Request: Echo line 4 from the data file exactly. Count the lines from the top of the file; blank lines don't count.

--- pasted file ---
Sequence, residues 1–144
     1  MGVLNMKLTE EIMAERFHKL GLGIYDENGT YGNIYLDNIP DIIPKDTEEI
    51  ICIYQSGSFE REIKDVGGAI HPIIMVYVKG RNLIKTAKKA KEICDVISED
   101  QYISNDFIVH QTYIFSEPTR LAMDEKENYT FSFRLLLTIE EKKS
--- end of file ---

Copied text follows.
   101  QYISNDFIVH QTYIFSEPTR LAMDEKENYT FSFRLLLTIE EKKS